What is Lithium?
Lithium, discovered in 1817, (Greek for “stone” - symbol “Li” - atomic number ‘3’) is a soft, light silver-white metal which in its pure state is reactive, flammable and easily corrodes when exposed to moist air. In its natural state it is found in compounds, generally bound up in aluminum and silica. It must be handled carefully to avoid skin contact or breathing it in, which can cause irritation to the nose, throat and lungs.
Source data shows that lithium, the lightest and least dense of the solid elements, has the highest specific heat of any solid element (melting at c. 357 degrees F.). It is so light it can float on water and soft enough to be cut with a knife.
The going rate for lithium in commercial use is currently around $6,500/ton, versus less than one third of that amount a little over a decade ago. A fact to consider is that the “price” is not determined through “discovery” of buyers and sellers in an open market, but rather by way of user-supplier negotiation. Bruno del Ama, CEO of Global X Management and portfolio manager of the lithium ETF remarks:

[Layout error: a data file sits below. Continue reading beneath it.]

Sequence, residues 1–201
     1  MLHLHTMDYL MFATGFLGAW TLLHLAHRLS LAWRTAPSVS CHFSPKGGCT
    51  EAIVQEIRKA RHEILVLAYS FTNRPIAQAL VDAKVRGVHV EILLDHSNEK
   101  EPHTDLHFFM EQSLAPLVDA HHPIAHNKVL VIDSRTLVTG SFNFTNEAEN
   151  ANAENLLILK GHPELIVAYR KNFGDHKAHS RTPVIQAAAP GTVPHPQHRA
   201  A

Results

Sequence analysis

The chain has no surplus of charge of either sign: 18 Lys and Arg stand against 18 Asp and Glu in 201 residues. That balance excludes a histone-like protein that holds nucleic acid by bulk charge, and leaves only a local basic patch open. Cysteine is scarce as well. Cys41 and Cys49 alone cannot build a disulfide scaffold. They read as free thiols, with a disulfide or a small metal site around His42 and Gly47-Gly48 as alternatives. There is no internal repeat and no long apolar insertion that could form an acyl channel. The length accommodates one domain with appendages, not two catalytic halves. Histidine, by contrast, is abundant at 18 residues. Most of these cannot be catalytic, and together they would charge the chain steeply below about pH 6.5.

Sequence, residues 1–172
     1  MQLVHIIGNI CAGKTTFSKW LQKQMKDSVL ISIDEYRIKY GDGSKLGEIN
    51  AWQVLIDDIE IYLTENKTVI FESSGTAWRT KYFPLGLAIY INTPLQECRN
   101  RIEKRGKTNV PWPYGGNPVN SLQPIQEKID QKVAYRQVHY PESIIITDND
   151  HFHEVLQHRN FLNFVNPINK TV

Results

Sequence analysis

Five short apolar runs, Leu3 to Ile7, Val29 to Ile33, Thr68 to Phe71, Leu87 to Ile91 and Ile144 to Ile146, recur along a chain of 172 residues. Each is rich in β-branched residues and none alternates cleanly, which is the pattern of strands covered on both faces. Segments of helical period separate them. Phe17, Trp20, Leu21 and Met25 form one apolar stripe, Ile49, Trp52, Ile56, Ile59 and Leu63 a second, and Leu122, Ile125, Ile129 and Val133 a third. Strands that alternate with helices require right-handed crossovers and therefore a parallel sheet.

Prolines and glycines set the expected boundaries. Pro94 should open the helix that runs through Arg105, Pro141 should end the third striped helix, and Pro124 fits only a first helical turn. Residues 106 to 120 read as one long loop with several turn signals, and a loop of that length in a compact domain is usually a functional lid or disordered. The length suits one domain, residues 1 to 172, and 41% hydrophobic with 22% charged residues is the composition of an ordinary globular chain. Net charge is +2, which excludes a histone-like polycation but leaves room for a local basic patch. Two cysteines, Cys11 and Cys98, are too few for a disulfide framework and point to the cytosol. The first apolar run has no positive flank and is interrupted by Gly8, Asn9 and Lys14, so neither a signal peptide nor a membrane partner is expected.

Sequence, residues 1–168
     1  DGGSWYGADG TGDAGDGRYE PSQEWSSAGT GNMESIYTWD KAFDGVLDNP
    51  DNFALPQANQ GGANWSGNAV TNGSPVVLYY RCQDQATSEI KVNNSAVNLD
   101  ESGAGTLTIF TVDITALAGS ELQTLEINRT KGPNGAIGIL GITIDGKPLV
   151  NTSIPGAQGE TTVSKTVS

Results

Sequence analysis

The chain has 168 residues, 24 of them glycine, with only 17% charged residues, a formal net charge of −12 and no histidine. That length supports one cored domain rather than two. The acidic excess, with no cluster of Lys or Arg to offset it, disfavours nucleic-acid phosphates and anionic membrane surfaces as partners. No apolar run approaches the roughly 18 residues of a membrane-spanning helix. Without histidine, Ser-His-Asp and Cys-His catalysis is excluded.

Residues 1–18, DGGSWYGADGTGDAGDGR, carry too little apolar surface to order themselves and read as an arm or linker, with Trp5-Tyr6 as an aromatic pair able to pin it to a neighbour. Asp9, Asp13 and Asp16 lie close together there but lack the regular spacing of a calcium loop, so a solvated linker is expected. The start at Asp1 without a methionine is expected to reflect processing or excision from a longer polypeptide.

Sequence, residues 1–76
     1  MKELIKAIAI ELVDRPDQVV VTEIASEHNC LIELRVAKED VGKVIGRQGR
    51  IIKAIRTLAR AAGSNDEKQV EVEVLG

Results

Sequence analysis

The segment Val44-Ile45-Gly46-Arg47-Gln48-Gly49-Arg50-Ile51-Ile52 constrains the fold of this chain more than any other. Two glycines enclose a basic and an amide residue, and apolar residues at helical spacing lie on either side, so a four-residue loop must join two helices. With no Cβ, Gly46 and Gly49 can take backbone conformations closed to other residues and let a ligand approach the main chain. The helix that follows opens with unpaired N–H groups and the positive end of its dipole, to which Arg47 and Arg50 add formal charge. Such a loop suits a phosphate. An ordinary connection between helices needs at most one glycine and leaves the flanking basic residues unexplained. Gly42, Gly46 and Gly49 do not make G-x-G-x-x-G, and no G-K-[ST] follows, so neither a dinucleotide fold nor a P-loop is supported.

“The price of lithium is an industrial clearing price, which is established between the industrial users and producers. It is very much a bilateral market.”
Where is It Found?
Lithium is “mined” primarily from brine lakes, clays, salt pans and from less commonly from Spodumene, asilicate of Lithium and Aluminum. It is also found in many igneous rocks and mineral springs. Lithium is measured as a portion of the earth’s crust in parts per million - believed to be c. 17 ppm. While there are some occurrences in the U.S., Australia, Russia and China, the majority of global lithium mineral deposits are found in one region of South America - in the Andes Mountains of Chile Argentina and Bolivia. In fact, more than one-third of the world’s known lithium reserves are believed to be found in Bolivia alone.
Chemical & Mining Co. of Chile (Sociedad Quimica y Minera de Chile) is the world’s largest lithium producer. It trades as an ADR (SQM) on the NYSE.